According to the IRS, how long to keep a document depends on the action, expense or event recorded by the document. Generally, keep records that support an item of income, deduction or credit shown on the tax return until the period of limitations for that tax return runs out. The IRS has provided the following guidelines:
Period of limitations that apply to income tax returns:
1. Keep records for three years if situations (4), (5), and (6) below do not apply.
2. Keep records for three years from the date of filing the original return or two years from the date the tax was paid, whichever is later, if filing a claim for credit or refund after filing the return.
3. Keep records for seven years if filing a claim for a loss from worthless securities or bad debt deduction.
4. Keep records for six years if income that should been reported was not reported, and it is more than 25 percent of the gross income shown on the return.
5. Keep records indefinitely if not filing a return.
6. Keep records indefinitely if filing a fraudulent return.
7. Keep employment tax records for at least four years after the date that the tax becomes due or is paid, whichever is later.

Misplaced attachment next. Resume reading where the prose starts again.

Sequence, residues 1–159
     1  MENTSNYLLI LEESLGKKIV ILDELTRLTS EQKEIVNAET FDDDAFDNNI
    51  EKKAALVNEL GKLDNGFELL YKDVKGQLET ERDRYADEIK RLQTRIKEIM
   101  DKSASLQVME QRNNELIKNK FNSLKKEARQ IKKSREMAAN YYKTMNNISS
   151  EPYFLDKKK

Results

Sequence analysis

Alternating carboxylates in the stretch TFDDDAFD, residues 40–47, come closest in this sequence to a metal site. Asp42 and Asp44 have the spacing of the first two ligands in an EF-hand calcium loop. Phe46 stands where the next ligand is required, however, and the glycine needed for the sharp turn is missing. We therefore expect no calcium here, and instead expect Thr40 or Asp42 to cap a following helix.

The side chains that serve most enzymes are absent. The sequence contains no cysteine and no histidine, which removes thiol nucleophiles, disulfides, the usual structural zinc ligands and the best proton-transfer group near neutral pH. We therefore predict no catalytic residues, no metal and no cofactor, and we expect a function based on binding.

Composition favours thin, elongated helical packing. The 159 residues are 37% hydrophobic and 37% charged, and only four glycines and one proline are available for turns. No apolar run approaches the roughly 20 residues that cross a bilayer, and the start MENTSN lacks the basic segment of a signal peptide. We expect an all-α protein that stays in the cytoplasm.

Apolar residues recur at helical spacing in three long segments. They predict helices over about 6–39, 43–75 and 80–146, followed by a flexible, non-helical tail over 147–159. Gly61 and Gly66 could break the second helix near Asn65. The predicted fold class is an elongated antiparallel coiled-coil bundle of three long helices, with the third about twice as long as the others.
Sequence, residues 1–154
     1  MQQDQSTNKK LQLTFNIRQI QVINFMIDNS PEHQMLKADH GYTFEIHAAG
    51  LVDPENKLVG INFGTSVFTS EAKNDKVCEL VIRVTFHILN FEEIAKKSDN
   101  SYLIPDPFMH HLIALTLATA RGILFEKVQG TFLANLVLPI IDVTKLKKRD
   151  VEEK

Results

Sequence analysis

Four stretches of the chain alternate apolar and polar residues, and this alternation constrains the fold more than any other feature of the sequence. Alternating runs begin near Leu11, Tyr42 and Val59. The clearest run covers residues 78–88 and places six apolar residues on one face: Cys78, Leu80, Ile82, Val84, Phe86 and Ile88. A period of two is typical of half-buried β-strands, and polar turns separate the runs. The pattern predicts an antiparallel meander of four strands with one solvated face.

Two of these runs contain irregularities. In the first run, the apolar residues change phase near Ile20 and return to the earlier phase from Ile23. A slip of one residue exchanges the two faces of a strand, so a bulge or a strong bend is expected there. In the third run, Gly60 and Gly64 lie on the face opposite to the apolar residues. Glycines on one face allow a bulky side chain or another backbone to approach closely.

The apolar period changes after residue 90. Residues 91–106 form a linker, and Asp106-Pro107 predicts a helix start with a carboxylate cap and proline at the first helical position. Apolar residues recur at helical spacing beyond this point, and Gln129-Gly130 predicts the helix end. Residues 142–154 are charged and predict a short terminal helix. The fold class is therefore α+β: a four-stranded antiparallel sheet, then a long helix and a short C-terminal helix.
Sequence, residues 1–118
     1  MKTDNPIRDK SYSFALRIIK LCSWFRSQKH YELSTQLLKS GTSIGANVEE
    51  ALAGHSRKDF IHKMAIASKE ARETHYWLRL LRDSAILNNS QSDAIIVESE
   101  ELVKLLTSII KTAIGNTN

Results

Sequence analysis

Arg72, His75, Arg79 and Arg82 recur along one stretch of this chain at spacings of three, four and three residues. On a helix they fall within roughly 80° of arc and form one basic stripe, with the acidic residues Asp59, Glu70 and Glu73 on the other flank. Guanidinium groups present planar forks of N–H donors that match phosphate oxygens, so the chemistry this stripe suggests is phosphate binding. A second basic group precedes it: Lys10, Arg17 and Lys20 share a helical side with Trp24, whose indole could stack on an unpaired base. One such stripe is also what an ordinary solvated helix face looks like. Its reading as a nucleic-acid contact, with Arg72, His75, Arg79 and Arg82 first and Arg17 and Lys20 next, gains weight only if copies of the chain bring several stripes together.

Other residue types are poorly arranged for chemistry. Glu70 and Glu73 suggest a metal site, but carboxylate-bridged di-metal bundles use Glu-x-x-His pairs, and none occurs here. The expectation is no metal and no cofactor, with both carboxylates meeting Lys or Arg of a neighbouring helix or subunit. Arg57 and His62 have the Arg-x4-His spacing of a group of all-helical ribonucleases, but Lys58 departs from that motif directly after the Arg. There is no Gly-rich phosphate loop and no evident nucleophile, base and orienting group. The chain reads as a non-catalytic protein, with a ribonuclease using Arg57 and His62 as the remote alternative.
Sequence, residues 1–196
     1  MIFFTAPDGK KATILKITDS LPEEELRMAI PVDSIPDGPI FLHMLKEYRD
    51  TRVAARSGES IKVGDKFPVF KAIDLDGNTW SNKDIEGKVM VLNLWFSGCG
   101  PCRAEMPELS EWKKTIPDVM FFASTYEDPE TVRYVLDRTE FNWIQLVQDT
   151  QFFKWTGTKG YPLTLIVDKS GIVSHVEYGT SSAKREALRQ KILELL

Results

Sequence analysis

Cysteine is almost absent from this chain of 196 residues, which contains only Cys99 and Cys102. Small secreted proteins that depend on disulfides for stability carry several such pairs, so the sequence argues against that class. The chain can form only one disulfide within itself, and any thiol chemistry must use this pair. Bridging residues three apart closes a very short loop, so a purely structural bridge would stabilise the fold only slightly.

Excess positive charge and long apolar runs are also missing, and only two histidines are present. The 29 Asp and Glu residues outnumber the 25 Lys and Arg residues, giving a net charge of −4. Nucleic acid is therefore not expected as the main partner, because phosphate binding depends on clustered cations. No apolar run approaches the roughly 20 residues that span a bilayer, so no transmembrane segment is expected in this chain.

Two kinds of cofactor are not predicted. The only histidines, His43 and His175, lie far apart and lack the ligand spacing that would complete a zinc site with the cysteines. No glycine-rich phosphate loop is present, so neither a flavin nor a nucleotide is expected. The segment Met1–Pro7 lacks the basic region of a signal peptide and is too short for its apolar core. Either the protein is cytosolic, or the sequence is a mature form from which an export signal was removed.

Many states may have a longer statute. In addition, there is no statute when a return is not filed (same with the IRS).
Clergy Financial Resources serves as a resource for clients to help analyze the complexity of clergy tax law, church payroll & HR issues. Our professionals are committed to helping clients stay informed about tax news, developments and trends in various specialty areas.
This article is intended to provide readers with guidance in tax matters. The article does not constitute, and should not be treated as professional advice regarding the use of any particular tax technique. Every effort has been made to assure the accuracy of the information. Clergy Financial Resources and the author do not assume responsibility for any individual’s reliance upon the information provided in the article. Readers should independently verify all information before applying it to a particular fact situation, and should independently determine the impact of any particular tax planning technique. If you are seeking legal advice, you are encouraged to consult an attorney.
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